Couturier defined romantic elegance
Hubert de Givenchy, the French couturier who upheld a standard of quintessentially romantic elegance in fashion for more than four decades, dressing the likes of Jacqueline Kennedy Onassis, Grace Kelly and memorably Audrey Hepburn, in a little black dress in the movie “Breakfast at Tiffany’s,” died Saturday at his home outside Paris. He was 91.
Philippe Venet, his longtime companion and a former couture designer, confirmed the death.
Givenchy was emblematic of a generation of gentlemanly designers who established their couture houses in postwar Paris, nurturing personal relationships with customers and creating entire collections with specific women in mind.
His very first show — a smash hit with retailers and the press when it was seen in February 1952, when he was just 24 — included the “Bettina blouse,” a tribute to his original muse, Bettina Graziani, Paris’ leading model of the day, who had joined his fledgling company as director of public relations, saleswoman and fit model.
Shortly thereafter Givenchy came to the attention of the young Hepburn, a rising star who was so charmed by his youthful designs that she insisted that he make her clothes for nearly all of her movies, and help mold her sylphlike image in the process.
In 1961 Hepburn and Givenchy created one of the most indelible cinematic fashion moments of the 20th century in “Breakfast at Tiffany’s,” when her character, Holly Golightly, approaches the titular Fifth Avenue jeweler wearing oversize sunglasses, four strands of sparkling pearls, long evening gloves and a black Givenchy dress — a slender, shoulder-baring column — that looks startlingly out of place for the early morning hour.
For generations of young women dreaming of a glamorous life in the big city, the image of Hepburn as Holly came to represent a certain ideal, that of the rich bohemian throwing wild parties while wearing magnificently gorgeous gowns. In 2006 the dress was sold at a charity auction at Christie’s in London for $923,187.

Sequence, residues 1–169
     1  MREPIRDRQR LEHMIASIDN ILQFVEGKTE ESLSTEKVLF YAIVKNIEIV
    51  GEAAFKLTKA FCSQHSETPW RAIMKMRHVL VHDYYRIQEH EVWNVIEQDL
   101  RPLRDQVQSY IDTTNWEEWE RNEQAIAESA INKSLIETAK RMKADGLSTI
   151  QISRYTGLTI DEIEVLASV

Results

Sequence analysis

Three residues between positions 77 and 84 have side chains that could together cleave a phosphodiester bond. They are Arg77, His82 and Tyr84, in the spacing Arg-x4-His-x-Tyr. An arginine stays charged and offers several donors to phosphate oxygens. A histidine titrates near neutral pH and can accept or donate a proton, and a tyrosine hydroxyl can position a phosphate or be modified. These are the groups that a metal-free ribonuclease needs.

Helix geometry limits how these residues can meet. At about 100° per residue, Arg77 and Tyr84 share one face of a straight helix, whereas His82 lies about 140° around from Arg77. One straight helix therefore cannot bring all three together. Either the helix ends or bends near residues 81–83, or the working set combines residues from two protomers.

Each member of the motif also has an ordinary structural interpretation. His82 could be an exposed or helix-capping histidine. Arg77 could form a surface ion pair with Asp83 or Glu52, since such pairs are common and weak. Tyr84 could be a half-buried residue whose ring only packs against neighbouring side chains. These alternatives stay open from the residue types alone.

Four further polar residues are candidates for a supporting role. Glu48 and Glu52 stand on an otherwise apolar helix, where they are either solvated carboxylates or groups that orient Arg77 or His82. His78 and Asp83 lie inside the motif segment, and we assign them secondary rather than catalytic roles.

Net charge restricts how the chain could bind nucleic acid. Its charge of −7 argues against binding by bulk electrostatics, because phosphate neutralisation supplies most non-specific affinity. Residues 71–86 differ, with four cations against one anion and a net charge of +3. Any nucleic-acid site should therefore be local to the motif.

Although claim to the invention of the little black dress is more often attributed to Coco Chanel, who had already popularized the look, or to the many designers who had made black dresses before her, the style instantly became associated with Hubert de Givenchy.
“The little black dress is the hardest thing to realize,” he said, “because you must keep it simple.”
Givenchy was the founding chairman of the Cristobal Balenciaga Foundation, which opened a museum dedicated to Balenciaga in Getaria, Spain, in 2011.
Since his retirement from fashion in 1995, Givenchy remained active in the arts as an antiques expert for Christie’s, the Chateau de Versailles and the Louvre museum. He also managed the French branch of the World Monuments Fund for several years.
Six feet 6 inches tall, with a shock of sand-colored hair, chivalrous to a fault, athletic and handsome, Givenchy was the epitome of a French aristocrat.
The March 3, 1952, issue of Life magazine introduced Givenchy to U.S. audiences in a four-page feature: “De Givenchy, a New Name in Paris.” The young designer had planted his flag in a tiny showroom at 8 Rue Alfred de Vigny, heralding a new concept for modern women: separates that were designed to be worn interchangeably, creating multiple outfits from a few key pieces — three tops plus three skirts equals nine outfits.
Givenchy created one of the most recognizable fashion labels in France, with products licensed for children’s wear, men’s dress shirts and at one point a Givenchy edition of a Lincoln luxury car.
Givenchy sold his house to the luxury conglomerate LVMH in 1988 and continued to design there until his retirement.
Hubert de Givenchy